This is a NSW Supreme Court decision involving a plaintiff who was rendered a complete T10 paraplegic when the bicycle he was riding collided with the Defendant’s stationary car. The decision pertains to liability issues only. With the new 1m bike clearance rule recently introduced in Queensland, it provides a timely reminder of the need for drivers to be ever vigilant for push-bikes.
At 1:30pm on 14 January 2012 the plaintiff was riding his bicycle east along Lauderdale Avenue, Fairlight. The defendant’s vehicle emerged from a driveway that was concealed by parked cars. The left of the driveway that the defendant was emerging from was a designated bus-stop. The plaintiff alleged the defendant entered into the lane in which he was travelling without due care causing him to collide with the vehicle and be thrown from his bike. The defendant’s vehicle was stationary at the time of impact.
The plaintiff alleged that the defendant failed to take adequate care when entering the roadway. The defendant in turn alleged that the plaintiff had failed to make use of a shared pedestrian and cycle way that ran alongside Lauderdale Road and/or failed to keep a proper lookout.
The defendant also alleged liability against a Honda CRV that was parked immediately adjacent the driveway on the basis that the driver should have appreciated that parking in that location would substantially obstruct the view of cars attempting to exit the driveway (notwithstanding that there were no signs prohibiting parking in that location).
The Defendant’s negligence
The Court held that the defendant was well aware of the restricted line of sight as she exited the driveway and that she could not see cars approaching from the east until she had cleared the parked cars to her right. It was therefore readily foreseeable that a vehicle travelling east down Lauderdale Avenue at excessive speed or not keeping a proper lookout could collide with her vehicle without the defendant being able to take any evasive action. The defendant’s actions in driving slowly onto the roadway, anticipating and expecting that any unforeseen vehicles would be able to slow down or swerve to avoid her vehicle was not a reasonable response to the foreseeable risk of a collision.
The court applied Warth v Lafsky NSWCA  94 and the obligations of a driver as set out therein and held that the defendant should have used the available space created by the bus-stop immediately to the left of the driveway to exit the property by turning left into the bus stop and then waiting until the roadway was clear before merging onto to Lauderdale Avenue. The ‘inconvenience’ of having to travel an extra 600m to go around the block in order to turn right was a modest burden that would have given rise to no more than a temporary inconvenience.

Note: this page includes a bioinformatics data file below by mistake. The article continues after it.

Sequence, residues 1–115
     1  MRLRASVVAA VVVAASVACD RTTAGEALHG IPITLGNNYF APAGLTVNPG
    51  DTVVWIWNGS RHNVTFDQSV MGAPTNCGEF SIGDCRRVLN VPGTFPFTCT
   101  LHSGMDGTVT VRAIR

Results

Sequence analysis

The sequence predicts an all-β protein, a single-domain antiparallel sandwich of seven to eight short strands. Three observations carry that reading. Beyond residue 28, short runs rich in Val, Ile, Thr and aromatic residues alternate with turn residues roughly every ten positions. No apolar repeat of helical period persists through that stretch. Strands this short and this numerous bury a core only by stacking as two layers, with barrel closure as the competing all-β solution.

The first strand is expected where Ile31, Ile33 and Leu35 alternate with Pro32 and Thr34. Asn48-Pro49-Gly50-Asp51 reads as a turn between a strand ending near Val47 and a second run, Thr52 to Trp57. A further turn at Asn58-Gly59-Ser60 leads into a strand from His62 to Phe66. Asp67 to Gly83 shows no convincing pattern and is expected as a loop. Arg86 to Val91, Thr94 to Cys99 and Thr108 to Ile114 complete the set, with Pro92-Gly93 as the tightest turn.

The Court concluded that the situation may have been different had the space created by the bus stop not been available, or if the defendant had been a visitor to the property, rather than a resident for the previous three years.
The driver of the Honda CRV was not negligent in parking as there was no sign prohibiting parking at that location.
Plaintiff’s failure to use the bike path
Expert evidence concluded that the shared bike/pedestrian path had a number of ‘pinch points’ where it was significantly narrower than the required width, making it difficult or impossible to avoid pedestrians. here was also insufficient clearance beside the path to fixed objects, insufficient sight distance through corners, hazardous drop-offs immediately beside the path, hazardous vehicle and pedestrian crossings and an uneven path surface. In those circumstances the Court held that the decision whether to ride on the path was a value judgment and it was not negligent for the plaintiff to use the roadway rather than the shared bike/pedestrian path.
The trial judge also accepted witness evidence from two women walking along the shared bicycle pathway that the plaintiff had been looking in that direction leading up to the accident and concluded that he had not been keeping a proper lookout. The judge concluded that although the plaintiff could have swerved to go around the car and avoid the collision, had he braked 0.5 to 0.3 seconds earlier he would have avoided the collision. Given the narrow margins and the need for an instantaneous decision, the election to brake rather than swerve was a reasonable one. The court apportioned liability 75% to the defendant and 25% to the plaintiff in the circumstances.
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